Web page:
This is a guest post from Tim Oliver who contributed in response to the American Vignette: Pie call for submissions. The setting is Valdosta, Georgia, circa 1964. Enjoy.
It was the summer we were hillbillies. I was eleven, my brother Kerry was eight, and brother Bob, two. Mountain Dew soft drink had a promotion going on (as well as the homey motto, “Yahoo, Mountain Dew, it’ll tickle yore innerds!”). If you bought a case of the stuff you’d get a hillbilly hat complete with corncob pipe. Our Uncle Curt was a barber in a small town and purchased multiple cases every week. That’s how we got our hats and pipes, right after our annual summer buzz cuts. I was old enough to begin to resent the forced shearing and was grateful to have a cool hat to cover my skinned dome. An older cousin gave us some rabbit tobacco (Pseudognaphlium obtusifolium) for the pipes and laughed as we coughed, turned the color of tree frogs,and retched. We studied famous hillbillies like Snuffy Smith, Lil’ Abner, and, of course, the Clampetts, to savor the vernacular and get every nuance down pat. Combined with our natural south Georgia drawls the results were worse than anything Hollywood could ever hope to pervert. It drove Momma to distraction. Every drawn-out, elongated and purposely mis-pronounced word was a personal affront to her. We also studied the musical stylings of Jim and Jesse and the Virginia Boys, and Flatt and Scruggs. By studying them I mean we watched them on TV. Thirty minutes of either would leave us with the agreeable sound of a plinking banjo in our heads. We shirked our chores more than ever, often citing “sinkin’ spells” or, “Ain’t holdin’ with bein’ shiftless,” neither of which were ever sufficient excuses.
After a long summer day of nothing more taxing than arguing whether “professional rasslin'” was real or fake or laughing at our friends, and betting on which one would actually puke from smoking rabbit tobacco, we’d drag home in our hats and cut-offs, barefooted and shirtless. Momma would be finishing preparing supper. Bob would be transfixed by Mister Rogers on the tube. We’d be ordered to clean up, put on shirts, and leave our hats in our room. We would often remark on the smells issuing forth from the kitchen. For greens and cabbage it would be, “What’s that stinkin’?” For frying chicken or pork chops, “Gosh, I’m hungry!” For cakes and pies, speech eluded us, just gustatory harumphs and big smiles.
One such day we skulked in and the kitchen was permeated by a subtle, unidentifiable smell, sweet but not buttery. Kerry and I exchanged glances. “What’s that smellin’ good?” I queried.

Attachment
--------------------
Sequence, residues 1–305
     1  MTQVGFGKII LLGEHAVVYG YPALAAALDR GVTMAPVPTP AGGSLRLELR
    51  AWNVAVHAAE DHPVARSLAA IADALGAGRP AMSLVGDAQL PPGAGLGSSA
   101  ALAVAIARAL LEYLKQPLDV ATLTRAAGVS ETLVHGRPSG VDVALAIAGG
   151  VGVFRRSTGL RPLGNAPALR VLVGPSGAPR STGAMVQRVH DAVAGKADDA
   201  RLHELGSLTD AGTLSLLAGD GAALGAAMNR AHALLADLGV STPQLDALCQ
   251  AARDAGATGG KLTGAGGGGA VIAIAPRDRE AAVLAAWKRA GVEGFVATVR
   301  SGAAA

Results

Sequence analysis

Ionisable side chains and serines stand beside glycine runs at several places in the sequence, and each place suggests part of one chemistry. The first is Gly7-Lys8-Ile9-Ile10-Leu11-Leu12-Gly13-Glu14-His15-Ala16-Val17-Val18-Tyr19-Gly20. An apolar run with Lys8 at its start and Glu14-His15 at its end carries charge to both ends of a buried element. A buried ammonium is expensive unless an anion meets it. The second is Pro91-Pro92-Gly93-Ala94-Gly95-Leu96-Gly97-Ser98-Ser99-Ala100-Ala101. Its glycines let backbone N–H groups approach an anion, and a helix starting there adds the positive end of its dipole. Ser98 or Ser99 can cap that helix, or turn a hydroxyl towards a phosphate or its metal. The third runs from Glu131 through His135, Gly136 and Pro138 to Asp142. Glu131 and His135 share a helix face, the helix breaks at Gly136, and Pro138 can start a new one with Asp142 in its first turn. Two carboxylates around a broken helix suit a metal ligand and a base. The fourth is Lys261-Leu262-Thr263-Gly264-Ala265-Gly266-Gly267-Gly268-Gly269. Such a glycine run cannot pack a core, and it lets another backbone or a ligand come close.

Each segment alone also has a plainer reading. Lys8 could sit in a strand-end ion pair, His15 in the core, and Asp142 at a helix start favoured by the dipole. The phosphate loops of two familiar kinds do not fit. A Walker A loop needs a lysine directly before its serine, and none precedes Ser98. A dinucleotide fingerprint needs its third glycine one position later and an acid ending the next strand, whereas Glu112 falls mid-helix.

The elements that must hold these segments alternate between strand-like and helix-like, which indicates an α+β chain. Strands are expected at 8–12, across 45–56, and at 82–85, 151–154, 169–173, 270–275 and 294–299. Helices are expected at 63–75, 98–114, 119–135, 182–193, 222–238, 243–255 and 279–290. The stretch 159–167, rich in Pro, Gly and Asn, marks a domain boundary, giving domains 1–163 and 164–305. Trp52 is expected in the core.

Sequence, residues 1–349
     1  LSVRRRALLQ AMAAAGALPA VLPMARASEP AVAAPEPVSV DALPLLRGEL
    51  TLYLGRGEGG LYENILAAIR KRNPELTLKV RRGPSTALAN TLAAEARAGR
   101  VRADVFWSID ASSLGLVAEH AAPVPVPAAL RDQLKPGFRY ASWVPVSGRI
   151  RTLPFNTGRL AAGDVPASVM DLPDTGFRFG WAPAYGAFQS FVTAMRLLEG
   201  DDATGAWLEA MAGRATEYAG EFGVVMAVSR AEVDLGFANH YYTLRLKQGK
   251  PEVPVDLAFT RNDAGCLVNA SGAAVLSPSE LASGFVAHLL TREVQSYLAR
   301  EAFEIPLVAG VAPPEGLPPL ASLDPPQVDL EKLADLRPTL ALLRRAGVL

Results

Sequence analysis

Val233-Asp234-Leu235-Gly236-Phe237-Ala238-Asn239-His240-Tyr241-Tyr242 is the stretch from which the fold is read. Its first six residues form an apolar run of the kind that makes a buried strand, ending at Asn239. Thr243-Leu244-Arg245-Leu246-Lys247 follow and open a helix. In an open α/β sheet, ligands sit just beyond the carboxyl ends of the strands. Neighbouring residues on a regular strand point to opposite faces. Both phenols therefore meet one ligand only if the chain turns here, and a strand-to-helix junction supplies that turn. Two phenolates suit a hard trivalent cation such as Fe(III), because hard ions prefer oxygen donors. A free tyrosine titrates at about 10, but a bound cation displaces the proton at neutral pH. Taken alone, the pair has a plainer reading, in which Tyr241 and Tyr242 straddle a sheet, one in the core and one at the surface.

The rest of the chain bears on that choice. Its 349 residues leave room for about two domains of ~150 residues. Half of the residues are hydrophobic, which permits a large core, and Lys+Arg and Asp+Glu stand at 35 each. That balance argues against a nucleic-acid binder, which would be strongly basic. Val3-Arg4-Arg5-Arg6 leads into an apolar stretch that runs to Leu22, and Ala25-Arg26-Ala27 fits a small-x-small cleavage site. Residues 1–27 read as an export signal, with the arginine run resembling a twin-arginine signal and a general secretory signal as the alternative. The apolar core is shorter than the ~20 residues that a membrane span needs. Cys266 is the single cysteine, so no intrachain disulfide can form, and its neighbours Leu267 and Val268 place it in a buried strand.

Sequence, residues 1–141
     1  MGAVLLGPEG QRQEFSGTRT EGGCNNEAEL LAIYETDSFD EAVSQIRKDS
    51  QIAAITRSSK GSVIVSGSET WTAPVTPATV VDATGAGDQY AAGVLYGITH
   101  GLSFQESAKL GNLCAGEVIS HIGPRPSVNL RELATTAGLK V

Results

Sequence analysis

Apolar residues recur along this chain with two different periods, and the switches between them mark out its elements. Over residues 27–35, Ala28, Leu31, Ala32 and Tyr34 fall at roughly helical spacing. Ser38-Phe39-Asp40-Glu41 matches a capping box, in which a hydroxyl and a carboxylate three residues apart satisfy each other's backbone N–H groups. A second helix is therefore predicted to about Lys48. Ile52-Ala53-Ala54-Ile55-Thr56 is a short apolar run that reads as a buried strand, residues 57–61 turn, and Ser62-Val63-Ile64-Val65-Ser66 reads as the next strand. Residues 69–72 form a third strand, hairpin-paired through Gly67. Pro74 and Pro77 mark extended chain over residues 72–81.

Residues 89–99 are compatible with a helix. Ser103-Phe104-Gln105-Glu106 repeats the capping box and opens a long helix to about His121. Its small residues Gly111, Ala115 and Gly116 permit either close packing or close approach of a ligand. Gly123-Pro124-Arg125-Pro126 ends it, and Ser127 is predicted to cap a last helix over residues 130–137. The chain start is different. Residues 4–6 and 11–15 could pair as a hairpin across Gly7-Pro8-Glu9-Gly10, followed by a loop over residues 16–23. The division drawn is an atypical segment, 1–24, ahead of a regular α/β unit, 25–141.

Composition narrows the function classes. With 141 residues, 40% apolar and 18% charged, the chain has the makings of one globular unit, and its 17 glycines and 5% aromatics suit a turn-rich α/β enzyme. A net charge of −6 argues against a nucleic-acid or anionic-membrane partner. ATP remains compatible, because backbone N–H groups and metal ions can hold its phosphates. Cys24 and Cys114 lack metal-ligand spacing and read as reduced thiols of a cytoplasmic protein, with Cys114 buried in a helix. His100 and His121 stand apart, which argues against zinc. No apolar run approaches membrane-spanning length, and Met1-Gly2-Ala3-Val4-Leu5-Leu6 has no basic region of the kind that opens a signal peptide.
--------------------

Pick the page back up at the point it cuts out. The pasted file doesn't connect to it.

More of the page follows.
“Macaroon pie,” Momma smiled.
“Raccoon pie?” Kerry asked, and we cackled, even moreso when Bob tore his attention from a mewling cat puppet on TV and echoed, loudly, “Raccoon pie?”
“Yeah,” Momma smirked. “Just for you hillbillies!”
“What is it, really?” I asked, reasonably, sweet confections being a matter of upmost importance.
“Macaroon pie. It’s a recipe from a restaurant in Macon called Len Berg’s.” Macon was where Momma and Daddy lived when they first got married, before us younguns’ came along, which was why the place was spoken of in a dreamy reverence. Kerry and I looked for signs of pie construction seeing only bowls piled in the sink.
“Ain’t no bowl to lick, no spoon?” Kerry asked.
“ISN’T ANY! Ain’t’s not a word!” she fumed.
“Reckon what kinda’ pie don’t make a bowl or spoon to lick?” I wondered. She shot daggers at me and was about to speak when Bob tottered into the kitchen all wide eyes and cotton-top stubble, “Where raccoon?”
After a great home-cooked meal of something, the warm macaroon pie was sliced, placed on saucers, and topped with homemade whipped cream. More like a large soft cookie than a pie, it was delicious with flavors unfamiliar to our palates. The list of raw ingredients only confused us: soda crackers, chopped dates, egg whites, pecans, sugar, baking powder, and almond extract. Upon trying a date, Kerry spit his out, invoking Momma’s wrath. I made what I was sure was a suitably ugly face and swallowed with difficulty.
“Kinda’ like a prune with sand in it, ” Kerry observed with considerable distaste. We all laughed, Momma included.
“Taste better in the pie,” I admitted. Indeed, it still does, with or without a nice rabbit tobacco buzz.
3 thoughts on “Guest post: Taste Better in the Pie”
Andrea, I really enjoy these posts and your theme in general. I submitted one for Wisconsin – could you suggest changes that would make it acceptable for your collection?
I really loved this post. You really captured summers in the south the way it was back then. Thanks Tim!
I really enjoyed that. I know your mother and could really see this playing out
in my mind. Love the story about the family times. Live your mom too.